Anybody remember their MySpace profile? You know, the one with the putrid green and magenta background adorned with glittery inspirational quotes and hundreds of animated GIFs that would take ages to load even on today’s computers? Yeah, we only wish we could forget.
It’s was especially hard to forget this week when MySpace launched a two-minute Vimeo trailer (interestingly not released on their own, failed video sharing service) showing off “The New MySpace.” If anything, you’ve got to appreciate the irony of MySpace looking us up and calling us like the high school ex that can’t take a hint.
“But I’ve changed!” they say. And unlike this once significant other, MySpace has changed a lot, as this two minute video seeks to show us. The background song, “Heartbeat” by JJAMZ, sets the mood. It’s like the headliner track on this awkward make-up mixtape from the once proud social network.
The trailer follows one David Croft, your average social network user, as he signs in and uses all the new features and such. We learn he is an aspiring DJ (much like yours truly!) and has a more than considerable obsession with Justin Timberlake, (who just so happens to be a substantial MySpace shareholder).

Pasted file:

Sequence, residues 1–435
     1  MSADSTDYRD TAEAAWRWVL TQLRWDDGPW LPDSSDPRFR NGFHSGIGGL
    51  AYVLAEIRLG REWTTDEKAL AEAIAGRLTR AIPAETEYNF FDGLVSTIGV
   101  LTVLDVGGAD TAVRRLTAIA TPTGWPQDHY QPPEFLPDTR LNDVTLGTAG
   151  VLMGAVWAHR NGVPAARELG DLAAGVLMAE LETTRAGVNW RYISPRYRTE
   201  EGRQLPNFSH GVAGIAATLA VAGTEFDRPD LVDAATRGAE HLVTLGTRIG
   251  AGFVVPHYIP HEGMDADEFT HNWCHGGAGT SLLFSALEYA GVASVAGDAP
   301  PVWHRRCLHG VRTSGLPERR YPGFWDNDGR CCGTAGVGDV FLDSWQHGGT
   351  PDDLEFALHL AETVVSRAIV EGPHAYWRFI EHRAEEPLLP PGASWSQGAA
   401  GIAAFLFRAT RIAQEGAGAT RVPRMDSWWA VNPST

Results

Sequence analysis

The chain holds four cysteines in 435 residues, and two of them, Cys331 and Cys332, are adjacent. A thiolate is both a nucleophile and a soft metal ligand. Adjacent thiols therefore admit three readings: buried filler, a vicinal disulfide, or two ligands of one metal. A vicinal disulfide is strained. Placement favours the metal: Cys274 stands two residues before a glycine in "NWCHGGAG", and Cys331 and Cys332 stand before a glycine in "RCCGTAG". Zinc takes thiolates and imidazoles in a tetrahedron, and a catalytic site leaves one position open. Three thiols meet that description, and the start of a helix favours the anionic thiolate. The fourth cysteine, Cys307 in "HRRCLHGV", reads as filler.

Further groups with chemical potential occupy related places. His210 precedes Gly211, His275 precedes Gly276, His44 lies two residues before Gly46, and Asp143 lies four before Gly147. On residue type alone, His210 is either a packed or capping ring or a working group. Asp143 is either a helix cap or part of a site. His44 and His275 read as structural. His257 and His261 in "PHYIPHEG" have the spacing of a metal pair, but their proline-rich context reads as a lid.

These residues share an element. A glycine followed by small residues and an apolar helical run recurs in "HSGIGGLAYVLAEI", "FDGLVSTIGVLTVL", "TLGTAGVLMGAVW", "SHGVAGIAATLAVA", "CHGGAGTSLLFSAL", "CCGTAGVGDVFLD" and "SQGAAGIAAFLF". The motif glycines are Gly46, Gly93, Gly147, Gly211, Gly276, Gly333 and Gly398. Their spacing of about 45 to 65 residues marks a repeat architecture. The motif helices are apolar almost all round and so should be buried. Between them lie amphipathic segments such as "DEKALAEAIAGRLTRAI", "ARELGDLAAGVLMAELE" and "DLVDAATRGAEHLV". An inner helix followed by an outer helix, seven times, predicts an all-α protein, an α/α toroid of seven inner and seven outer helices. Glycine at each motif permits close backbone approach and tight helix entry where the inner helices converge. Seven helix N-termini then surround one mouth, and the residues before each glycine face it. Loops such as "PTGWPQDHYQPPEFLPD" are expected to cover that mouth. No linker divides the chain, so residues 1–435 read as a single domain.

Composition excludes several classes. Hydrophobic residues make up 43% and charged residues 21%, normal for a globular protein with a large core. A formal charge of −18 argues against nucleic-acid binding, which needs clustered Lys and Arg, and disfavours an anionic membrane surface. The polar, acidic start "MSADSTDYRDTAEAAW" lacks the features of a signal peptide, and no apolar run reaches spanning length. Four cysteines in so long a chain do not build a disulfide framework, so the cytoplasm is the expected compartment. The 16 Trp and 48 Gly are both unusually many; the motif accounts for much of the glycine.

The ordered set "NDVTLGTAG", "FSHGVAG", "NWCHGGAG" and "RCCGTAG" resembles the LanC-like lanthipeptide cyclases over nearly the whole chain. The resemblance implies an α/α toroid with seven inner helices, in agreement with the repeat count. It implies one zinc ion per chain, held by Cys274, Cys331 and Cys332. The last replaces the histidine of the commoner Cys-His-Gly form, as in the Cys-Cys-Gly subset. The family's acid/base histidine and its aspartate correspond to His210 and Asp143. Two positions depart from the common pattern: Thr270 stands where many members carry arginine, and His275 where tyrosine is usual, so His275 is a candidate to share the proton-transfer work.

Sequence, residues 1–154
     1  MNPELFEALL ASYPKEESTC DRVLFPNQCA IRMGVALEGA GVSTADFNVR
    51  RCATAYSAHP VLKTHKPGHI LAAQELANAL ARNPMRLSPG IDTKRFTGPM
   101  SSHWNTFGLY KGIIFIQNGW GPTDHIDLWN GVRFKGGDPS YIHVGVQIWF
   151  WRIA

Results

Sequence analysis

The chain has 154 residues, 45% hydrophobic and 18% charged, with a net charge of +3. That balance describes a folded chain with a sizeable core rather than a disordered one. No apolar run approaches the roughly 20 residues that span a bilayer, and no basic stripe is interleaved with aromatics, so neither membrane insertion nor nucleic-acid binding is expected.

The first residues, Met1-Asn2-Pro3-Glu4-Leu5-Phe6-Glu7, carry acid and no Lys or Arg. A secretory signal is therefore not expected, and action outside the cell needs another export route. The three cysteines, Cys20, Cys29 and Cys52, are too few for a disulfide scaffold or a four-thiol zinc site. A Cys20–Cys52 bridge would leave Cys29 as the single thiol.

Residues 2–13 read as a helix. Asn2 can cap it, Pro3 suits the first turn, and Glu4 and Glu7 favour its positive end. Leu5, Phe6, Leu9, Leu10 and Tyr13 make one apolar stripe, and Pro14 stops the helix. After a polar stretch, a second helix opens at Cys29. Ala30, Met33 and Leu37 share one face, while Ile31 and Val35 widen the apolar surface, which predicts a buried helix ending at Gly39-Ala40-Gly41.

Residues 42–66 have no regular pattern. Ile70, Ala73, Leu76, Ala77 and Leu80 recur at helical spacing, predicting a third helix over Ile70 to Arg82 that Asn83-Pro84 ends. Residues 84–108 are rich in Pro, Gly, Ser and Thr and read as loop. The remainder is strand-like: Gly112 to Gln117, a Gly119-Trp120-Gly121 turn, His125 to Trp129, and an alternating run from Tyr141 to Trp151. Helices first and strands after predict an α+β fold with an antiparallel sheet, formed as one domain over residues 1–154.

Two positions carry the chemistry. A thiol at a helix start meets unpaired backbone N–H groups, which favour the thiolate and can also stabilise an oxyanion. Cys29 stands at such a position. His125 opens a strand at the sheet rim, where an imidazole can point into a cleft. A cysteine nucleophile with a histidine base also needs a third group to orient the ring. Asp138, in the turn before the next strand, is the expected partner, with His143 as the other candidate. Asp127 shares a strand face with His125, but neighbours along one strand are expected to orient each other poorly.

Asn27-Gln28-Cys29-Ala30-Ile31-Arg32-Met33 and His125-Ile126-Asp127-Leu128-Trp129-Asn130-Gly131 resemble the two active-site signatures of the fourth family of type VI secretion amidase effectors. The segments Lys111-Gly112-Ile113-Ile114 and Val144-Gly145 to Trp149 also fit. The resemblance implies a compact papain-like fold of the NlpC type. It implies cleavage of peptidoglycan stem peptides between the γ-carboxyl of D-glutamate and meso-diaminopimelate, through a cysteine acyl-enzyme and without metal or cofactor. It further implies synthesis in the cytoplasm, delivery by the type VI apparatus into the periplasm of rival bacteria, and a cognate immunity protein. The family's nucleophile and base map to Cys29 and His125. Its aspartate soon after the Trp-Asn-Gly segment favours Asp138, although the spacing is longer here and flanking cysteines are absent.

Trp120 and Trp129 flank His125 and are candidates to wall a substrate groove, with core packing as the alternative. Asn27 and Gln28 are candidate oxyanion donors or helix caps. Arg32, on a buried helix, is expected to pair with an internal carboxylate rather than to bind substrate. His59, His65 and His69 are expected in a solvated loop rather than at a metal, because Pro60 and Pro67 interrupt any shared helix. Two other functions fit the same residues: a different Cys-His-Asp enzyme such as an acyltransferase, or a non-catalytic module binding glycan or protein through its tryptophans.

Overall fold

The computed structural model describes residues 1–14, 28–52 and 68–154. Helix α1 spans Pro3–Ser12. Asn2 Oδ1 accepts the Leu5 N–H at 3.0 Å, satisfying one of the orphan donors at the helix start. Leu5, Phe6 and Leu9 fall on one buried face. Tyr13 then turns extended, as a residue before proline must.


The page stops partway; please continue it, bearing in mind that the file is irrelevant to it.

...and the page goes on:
The second half of the trailer features Timberlake’s experience with the site. This is important since, even in it’s decline, MySpace’s biggest strength remains its allowing artists to connect with their fans.
We are whisked through MySpace’s new world looking at all the sleek new interface changes. However, it’s easy to see where MySpace got its inspiration for all of this: other, more successful social networks.
To give you an idea of how it looks, imagine if you were viewing your Twitter feed and Instagram photos on Pinterest while your Facebook timeline’s cover photo loomed on the side. At the bottom of the screen is a status bar much like the one that tops Facebook, but laced with MySpace’s own brand of Spotify that you can listen to while going through the site. Noticing a pattern here?
For many people reading this column, MySpace was our first social media anything. But since then, we (including MySpace’s poster-boy, “Tom”) have matured, and moved on to more sophisticated social networks and blogging sites like many of the ones mentioned in the above comparisons.
MySpace’s new look shows that they too have matured. But with little in the way of truly new and original features, choosing instead to copy what other networks already do, it seems unlikely that many people, including myself, will have the incentive to go back.
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